Legend has it that in the 18th Century somewhere in Europe any public display of Christianity was forbidden. No crosses or Bibles were allowed and the Christians were greatly oppressed. One old man, a candy maker by profession, was particularly distressed by this. He loved the Lord with all of his heart and couldn’t stand to not share that love with the world. His heart especially went out to the children when Christmas drew near and no one was allowed to have a nativity scene (or crèche`) on display in their homes. He prayed for God to show him some way to make Christmas gifts for the children which would teach them the story of Christ.
The answer was the candy cane. The candy cane was in the shape of a shepherd’s staff to show them Jesus is our Shepherd and we are His flock. A sheep follows his own shepherd, knows his voice, and trusts him and knows that he is totally safe with him. The sheep will follow no other shepherd but their own. This is how we are to be with Jesus if we truly follow Him (John 10:11; Psalm 23:1; Isaiah 40:11)
Upside down the candy cane was a “J”, the first letter of Jesus’ name. (Luke 1:31) It was made of hard candy to remind us that Christ is the rock of our salvation. The wide red stripes on the candy cane were to represent the blood He shed on the cross for each one of us so that we can have eternal life through Him. He redeems us and cleanses us with His shed blood – the only thing that can wash away our sin. (Luke 22:20) The white stripes on a candy cane represented the virgin birth, sinless life and purity of our Lord. He is the only human being who ever lived on this earth who never committed a single sin. Even though He was tempted just as we are, He never sinned. (1 Peter: 22) The three narrow red stripes on candy canes symbolized that by His stripes, or wounds, we are healed and the Trinity – the Father, Son (Jesus) and Holy Spirit. Before the crucifixion Jesus was beaten; the crown of thorns was placed on His head; His back was raw from the whip. We are healed by those wounds. He bore our sorrows and by His stripes we are healed. (Isaiah 53:3)The flavoring in the candy cane was peppermint, which is similar to hyssop. Hyssop is of the mint family and was used in Old Testament times for purification and sacrifice just as Jesus sacrificed His life for ours. (John 19:29; Psalm 51:7)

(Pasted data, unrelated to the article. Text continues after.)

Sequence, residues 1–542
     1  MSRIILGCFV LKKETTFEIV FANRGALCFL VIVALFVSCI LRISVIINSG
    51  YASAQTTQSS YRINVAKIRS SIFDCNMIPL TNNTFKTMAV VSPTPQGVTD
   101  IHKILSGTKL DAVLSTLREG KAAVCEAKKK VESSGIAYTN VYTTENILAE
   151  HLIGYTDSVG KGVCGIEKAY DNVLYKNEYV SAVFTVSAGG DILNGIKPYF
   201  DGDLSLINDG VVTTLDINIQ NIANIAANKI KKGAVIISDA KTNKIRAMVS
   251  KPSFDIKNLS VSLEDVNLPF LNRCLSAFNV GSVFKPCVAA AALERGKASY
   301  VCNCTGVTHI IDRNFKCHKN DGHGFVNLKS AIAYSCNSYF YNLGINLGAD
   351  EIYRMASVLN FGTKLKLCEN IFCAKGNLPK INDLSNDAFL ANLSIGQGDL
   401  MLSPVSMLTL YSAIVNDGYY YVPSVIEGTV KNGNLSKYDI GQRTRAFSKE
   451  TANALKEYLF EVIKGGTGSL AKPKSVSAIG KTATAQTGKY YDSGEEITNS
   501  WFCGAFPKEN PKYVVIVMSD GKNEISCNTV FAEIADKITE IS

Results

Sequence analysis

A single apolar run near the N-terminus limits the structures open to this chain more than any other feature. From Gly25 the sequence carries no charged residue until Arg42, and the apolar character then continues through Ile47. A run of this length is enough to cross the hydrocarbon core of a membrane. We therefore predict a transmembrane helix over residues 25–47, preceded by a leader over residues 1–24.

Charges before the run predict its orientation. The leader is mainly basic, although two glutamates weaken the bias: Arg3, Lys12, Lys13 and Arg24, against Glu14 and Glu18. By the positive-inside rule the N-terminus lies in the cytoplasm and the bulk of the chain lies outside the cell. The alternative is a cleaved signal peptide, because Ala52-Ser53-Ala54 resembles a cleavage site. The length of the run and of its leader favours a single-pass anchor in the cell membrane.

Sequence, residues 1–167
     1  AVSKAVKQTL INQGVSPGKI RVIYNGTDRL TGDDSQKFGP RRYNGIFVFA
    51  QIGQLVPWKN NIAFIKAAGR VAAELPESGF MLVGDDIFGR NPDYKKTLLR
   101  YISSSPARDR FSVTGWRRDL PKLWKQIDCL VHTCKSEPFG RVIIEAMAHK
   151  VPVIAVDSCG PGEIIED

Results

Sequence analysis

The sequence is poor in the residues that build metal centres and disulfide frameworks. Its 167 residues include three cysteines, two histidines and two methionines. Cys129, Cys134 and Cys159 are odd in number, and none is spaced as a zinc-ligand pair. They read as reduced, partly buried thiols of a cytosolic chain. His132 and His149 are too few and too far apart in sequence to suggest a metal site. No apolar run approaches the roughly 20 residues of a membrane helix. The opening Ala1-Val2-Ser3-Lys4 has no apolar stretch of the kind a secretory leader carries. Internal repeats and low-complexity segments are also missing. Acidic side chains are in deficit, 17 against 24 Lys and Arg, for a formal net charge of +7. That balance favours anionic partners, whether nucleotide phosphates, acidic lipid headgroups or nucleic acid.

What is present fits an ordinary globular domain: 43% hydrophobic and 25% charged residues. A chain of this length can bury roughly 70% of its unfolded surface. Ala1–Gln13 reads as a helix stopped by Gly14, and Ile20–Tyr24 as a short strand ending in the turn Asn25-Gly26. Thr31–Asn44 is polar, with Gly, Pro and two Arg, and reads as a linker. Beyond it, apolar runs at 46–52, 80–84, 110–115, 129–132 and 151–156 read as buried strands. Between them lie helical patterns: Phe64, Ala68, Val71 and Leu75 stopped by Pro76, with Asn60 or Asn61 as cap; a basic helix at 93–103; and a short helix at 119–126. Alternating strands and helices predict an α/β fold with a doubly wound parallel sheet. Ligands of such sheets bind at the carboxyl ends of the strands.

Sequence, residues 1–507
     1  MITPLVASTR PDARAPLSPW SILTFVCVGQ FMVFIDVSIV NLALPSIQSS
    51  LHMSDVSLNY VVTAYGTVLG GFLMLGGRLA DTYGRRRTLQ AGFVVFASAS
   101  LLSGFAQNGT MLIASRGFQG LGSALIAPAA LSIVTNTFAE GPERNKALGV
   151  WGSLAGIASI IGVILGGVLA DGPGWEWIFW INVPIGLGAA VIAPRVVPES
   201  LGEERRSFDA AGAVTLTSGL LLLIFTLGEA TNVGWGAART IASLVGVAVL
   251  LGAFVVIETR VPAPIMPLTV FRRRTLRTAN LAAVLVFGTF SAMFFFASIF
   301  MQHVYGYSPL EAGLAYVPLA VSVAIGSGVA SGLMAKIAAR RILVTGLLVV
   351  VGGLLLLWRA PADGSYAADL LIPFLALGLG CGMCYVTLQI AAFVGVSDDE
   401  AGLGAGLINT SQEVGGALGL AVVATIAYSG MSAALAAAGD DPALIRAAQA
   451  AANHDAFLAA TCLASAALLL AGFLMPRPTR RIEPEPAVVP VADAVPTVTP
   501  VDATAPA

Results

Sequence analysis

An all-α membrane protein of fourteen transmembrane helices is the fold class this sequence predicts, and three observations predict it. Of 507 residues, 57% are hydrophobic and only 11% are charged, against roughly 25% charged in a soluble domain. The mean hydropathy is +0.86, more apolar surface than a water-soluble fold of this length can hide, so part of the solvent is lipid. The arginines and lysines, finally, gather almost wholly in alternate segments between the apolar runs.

The old candy maker told them that when we break our candy cane it reminds us that Jesus’ body was broken for us. When we have communion it is a reminder of what He did for us. (1 Cor. 11:24) If we share our candy cane and give some to someone else in love because we want to, it represents that same love of Jesus because He is to be shared with one another in love. (1 John 4:7, 8)God gave Himself to us when He sent Jesus. He loved us so much He wants us to spend eternal life with Him… which we can do if we accept Jesus in our hearts as Savior and Lord. (John 1:12; John 3:3, 16)
Some people believe this story of the candy cane is just a legend. Others believe it really happened. We do not know for sure exactly how the candy cane was invented, but there is one thing for certain… it is an excellent picture of Christ and His love for you.